Think about those whales. There’s something pretty badass about them. They’re like, ‘I used to be a land creature but I’ll become helpless on land so I can go down under the sea. And I have no gills but I’ll just come up to breathe when I have to.’

Really? Are you guys nuts? I mean, you can’t survive on land. You drown if you stay under too long. It’s a TERRIBLE IDEA. You live in two worlds, but you can’t live in either of them completely. What were you thinking?

Whales are like, ‘Oh yeah? Watch me.’

You know what I’m going to say, right?

Being a writer is like being a whale. Leaving aside the getting-hunted-to-extinction part (we can talk about that another time). It is about diving down, repeatedly, into the dream world and bringing what you can to the surface. You can’t stay down there in the imaginary world. But if you stay up in the dry real world too long, you start to wither.

I am writing this post for a friend. I hear her despair at the state of the culture she is working in, its hailing-as-spectacular the mediocre and unoriginal, its blatant disregard for her existence because that culture only recognizes certain kinds of phenomena as being worthy of attention. And I want to say to her, use your whale powers and dive down.

Working on a book is like a series of dives. Periodically you have to come up—not just to eat, sleep, converse, earn money, do the laundry, but also to take soundings with the upper world. To take your bearings in the air. This means checking in with the culture and taking a look at the environment you are going to release your work into, and hopefully getting some oxygen from it that you badly need in order to keep going.

To write well requires an amphibious nature. I think it requires an ability to stand the depth pressure, to hold one’s breath against the desire for the opinion of the collective. I can’t do good work if I’m plugged into the mains of the overculture. I need silence for that. I need to go down and not come up for as long as I can stand it.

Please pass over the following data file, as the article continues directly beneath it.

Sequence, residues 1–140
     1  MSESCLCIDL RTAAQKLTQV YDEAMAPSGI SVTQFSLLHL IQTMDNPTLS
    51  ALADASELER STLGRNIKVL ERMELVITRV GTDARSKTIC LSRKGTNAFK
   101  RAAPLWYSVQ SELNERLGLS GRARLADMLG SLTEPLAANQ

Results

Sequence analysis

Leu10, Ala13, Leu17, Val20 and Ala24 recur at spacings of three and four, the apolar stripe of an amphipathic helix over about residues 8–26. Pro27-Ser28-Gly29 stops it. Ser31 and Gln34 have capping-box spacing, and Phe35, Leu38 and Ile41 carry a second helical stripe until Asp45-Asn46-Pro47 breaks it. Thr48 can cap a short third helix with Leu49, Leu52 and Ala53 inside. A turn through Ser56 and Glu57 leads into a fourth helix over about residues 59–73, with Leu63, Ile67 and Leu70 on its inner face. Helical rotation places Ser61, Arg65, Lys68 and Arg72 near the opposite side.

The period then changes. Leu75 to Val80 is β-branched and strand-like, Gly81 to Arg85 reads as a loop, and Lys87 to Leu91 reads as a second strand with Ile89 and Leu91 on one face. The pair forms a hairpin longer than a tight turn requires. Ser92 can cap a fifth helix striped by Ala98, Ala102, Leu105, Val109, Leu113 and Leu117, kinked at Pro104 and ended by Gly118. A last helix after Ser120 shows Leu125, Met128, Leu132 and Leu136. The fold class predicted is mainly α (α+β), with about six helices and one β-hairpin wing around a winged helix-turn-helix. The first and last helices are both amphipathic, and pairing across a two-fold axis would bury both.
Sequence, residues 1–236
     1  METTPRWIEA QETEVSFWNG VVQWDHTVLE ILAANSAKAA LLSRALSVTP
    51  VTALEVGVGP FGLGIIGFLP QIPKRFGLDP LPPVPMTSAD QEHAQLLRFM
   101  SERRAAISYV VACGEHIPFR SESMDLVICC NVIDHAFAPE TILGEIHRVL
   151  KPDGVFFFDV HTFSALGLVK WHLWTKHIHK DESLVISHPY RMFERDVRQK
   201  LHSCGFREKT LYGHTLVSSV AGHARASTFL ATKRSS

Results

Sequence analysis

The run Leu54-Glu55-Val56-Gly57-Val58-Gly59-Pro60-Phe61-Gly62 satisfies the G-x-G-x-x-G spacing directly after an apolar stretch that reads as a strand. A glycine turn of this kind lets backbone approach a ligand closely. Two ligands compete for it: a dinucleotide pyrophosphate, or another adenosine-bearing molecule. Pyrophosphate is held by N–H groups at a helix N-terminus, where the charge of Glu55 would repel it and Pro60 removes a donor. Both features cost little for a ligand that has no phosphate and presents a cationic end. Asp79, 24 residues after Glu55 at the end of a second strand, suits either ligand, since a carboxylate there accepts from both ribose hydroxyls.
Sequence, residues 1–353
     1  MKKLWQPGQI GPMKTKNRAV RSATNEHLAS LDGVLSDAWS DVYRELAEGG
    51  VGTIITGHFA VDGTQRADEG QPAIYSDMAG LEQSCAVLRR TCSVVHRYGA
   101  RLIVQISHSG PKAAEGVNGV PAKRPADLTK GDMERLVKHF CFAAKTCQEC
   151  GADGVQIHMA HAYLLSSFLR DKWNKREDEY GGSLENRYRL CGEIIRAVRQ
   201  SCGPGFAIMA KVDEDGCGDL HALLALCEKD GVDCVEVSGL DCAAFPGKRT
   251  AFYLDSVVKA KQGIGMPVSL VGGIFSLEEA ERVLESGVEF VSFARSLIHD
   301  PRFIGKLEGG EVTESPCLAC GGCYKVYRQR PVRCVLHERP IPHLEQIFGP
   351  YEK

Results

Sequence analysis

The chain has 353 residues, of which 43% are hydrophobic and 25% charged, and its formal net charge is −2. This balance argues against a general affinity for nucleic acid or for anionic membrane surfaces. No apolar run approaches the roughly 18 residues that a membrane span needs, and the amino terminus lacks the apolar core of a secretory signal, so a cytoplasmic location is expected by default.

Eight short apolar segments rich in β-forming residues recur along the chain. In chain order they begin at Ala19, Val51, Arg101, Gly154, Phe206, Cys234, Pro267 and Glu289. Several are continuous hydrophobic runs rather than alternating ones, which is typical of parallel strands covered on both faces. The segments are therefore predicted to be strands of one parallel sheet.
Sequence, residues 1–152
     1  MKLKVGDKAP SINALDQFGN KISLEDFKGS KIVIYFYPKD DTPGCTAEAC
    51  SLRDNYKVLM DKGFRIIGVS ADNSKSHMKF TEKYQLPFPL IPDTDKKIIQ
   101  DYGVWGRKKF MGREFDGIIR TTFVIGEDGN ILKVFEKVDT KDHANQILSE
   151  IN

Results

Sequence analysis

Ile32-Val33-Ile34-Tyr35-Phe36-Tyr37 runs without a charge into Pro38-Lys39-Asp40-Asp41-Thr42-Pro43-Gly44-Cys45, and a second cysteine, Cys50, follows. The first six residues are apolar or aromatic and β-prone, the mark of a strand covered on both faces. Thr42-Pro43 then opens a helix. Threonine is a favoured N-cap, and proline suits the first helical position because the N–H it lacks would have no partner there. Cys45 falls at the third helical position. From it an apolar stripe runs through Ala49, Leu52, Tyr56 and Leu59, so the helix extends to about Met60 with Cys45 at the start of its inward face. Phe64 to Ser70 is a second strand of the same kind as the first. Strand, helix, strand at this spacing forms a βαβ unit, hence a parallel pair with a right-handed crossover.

This is an act of faith. What if you run out of air and die down there? What if you come up and the world has changed and what you were doing is no longer apropos? The longer I go without checking in for the world’s approval, the more panicky I become.

There is a real and valid tension in the desire for connection and social reinforcement, and the need for silence and solitude. It is a tension intrinsic to the nature of writing. But there’s more going on. Writers are increasingly asked to be interactive outside the already-profoundly-interactive process of our work. This expectation is freighted with consequences that I personally don’t yet understand. Some of my closest friends are people I met online. I wouldn’t know them if I hadn’t come up gasping for air. Yet I can tell you that I’m out of my habitable zone when you throw me up on the beach.

We can’t stay down all the time but we don’t belong in the air, either, my whale friends.

For my friend who inspired this post, the problem is that sometimes the air will be good. But sometimes it make you choke. And sometimes it will make you light-headed. And you never know what you’re going to get when you come up and open your lungs. If a writer is working in a politically hostile environment, she may come up for air often in search of support because there are friends up there with oxygen for her. But there is a price to be paid if the support also means engagement with political battle on a daily basis. Because a person who is having a political fight cannot dive down at the same time.

I want to say to my friend: We have to be amphibious. Whatever else is going on, we have to find a way.

Whales breathe this way their whole lives. They make an art of it. So can we.